12 December 2019 | By Michael Thaidigsmann
ECJ: Parties not directly affected by actions of a cartel may claim compensation for losses incurred
Authorities who granted subsidies or loans to members of a cartel are entitled to sue companies for compensation, the Court of the European Union has ruled.
The European Court of Justice (ECJ) has ruled that under Article 101 of the EU Treaty, public authorities and other third parties may claim compensation for losses caused by a cartel even when they are not actors in the relevant market.
The case pending before Austria’s Supreme Court followed an action for compensation brought by the state of Upper Austria against five local companies active in the market lift and escalator business, Otis, Schindler Liegenschaftsverwaltung, Schindler Aufzüge und Fahrtreppen, Kone and ThyssenKrupp Aufzüge.
The firms’ participation in anti-competitive behaviour was established in 2007, with the European Commission imposing a fine of almost €1 billion.
Although Upper Austria had not incurred losses as a purchaser of the products covered by the cartel, increased construction costs caused by the anticompetitive behaviour of the five firms led it to grant higher subsidies, in the form of promotional loans for construction projects, than would have been the case in the absence of that cartel.
According to the Austrian Supreme Court, under national law the principles governing compensation for material losses restrict compensation to losses which the rule infringed was intended to prevent. The Austrian judges nonetheless put the question to the ECJ asking for its verdict.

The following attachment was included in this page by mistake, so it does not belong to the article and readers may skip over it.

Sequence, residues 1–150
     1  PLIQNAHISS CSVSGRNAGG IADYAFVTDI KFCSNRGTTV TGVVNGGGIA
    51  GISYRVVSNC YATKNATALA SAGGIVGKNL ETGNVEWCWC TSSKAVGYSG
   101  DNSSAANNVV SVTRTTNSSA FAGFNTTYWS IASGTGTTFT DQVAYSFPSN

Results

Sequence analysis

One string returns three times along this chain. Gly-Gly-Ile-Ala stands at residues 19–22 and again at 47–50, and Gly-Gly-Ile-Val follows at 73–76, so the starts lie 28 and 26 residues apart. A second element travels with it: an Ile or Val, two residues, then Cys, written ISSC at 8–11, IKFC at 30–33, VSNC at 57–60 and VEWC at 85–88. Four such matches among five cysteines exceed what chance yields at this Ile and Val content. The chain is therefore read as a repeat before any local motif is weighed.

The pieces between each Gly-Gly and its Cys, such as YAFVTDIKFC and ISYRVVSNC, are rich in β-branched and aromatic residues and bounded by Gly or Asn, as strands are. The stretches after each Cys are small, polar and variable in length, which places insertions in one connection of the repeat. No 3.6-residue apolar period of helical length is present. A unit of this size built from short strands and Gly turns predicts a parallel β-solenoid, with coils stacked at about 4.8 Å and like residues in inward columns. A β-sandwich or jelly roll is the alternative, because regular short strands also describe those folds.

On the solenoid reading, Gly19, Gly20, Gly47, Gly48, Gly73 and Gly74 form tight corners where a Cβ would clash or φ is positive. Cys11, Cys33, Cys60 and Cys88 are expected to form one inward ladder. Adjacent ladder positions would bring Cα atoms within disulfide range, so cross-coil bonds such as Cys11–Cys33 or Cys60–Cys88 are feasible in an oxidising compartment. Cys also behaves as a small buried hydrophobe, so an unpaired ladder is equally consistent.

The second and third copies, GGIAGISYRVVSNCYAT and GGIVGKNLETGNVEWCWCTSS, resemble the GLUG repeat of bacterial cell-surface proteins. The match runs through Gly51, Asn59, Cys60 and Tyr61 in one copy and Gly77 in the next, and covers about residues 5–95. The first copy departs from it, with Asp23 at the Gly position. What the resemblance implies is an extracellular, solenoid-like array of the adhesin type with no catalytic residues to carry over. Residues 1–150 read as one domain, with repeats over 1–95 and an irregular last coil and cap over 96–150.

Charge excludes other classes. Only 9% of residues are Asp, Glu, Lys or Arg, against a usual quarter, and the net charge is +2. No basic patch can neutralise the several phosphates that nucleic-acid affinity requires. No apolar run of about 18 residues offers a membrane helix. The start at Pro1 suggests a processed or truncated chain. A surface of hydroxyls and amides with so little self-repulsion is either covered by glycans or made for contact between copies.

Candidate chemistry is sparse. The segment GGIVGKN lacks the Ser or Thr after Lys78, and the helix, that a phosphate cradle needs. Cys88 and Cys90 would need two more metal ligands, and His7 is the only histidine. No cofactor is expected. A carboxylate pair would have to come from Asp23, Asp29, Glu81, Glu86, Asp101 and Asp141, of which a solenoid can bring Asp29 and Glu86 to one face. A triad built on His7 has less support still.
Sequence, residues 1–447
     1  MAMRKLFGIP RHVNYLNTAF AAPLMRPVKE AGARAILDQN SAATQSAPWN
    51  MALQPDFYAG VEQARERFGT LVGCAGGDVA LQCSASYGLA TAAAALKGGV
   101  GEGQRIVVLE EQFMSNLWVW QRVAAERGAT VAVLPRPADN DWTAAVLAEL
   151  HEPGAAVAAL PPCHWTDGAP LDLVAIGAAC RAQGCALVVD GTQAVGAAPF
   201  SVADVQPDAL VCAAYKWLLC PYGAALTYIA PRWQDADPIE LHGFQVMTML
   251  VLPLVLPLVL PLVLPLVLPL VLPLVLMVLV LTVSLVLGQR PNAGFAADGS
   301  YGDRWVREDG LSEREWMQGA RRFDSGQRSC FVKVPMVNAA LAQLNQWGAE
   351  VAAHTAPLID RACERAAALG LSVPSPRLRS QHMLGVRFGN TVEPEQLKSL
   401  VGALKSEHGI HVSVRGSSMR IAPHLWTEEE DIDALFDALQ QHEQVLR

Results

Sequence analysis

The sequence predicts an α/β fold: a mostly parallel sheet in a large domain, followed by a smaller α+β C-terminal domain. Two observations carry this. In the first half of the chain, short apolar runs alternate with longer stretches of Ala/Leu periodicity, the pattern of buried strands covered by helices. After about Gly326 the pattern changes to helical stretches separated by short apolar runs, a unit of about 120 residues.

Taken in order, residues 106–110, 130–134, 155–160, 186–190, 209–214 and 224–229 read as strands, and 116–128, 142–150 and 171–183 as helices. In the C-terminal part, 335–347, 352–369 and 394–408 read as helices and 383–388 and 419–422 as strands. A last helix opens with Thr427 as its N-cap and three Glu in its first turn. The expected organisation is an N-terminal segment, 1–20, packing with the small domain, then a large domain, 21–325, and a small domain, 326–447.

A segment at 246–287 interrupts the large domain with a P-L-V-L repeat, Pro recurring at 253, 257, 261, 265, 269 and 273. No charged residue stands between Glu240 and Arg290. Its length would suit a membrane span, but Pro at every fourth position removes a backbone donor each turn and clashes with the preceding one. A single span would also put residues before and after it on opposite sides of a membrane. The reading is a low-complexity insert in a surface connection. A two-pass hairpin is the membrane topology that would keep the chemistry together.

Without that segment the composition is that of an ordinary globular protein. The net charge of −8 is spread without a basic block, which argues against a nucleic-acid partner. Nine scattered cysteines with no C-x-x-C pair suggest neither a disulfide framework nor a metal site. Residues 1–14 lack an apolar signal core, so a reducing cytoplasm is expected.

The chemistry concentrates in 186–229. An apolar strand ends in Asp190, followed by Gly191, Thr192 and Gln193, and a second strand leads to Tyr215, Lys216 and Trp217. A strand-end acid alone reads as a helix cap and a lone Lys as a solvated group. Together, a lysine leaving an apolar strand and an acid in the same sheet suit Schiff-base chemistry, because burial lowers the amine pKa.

The court in Luxembourg now ruled that Article 101(1) of the Treaty, which prohibits all forms of cartel agreements between companies, bore direct effect on the relations between individuals. It consequently conferred the right to request compensation on any person who had suffered losses by a contract or conduct that was liable to restrict or distort competition, where a causal connection between the loss and the infringement of the competition rules existed.
Moreover, the court stated that national rules relating to procedures for exercising that right to compensation must not undermine the effective application of Article 101 TFEU. Effective protection against the negative consequences of an infringement of EU competition rules would be seriously undermined if the right to compensation for losses caused by a cartel was from the outset restricted to suppliers and customers on the market concerned, the judges found.
Article 101 TFEU implied allowing any person who does not operate as a supplier or customer on the market affected, but who grants subsidies, in the form of promotional loans, to purchasers of products offered on that market, to request compensation for loss suffered. This was the result of the fact that, since the amount of those subsidies was higher than it would have been in the absence of that cartel, it was unable to use that difference more profitably.
The EU judges ruled that it was for Austrian Supreme Court to determine whether Upper Austria had the possibility to make more profitable investments and whether the applicant had established the existence of a causal connection between that loss and the cartel.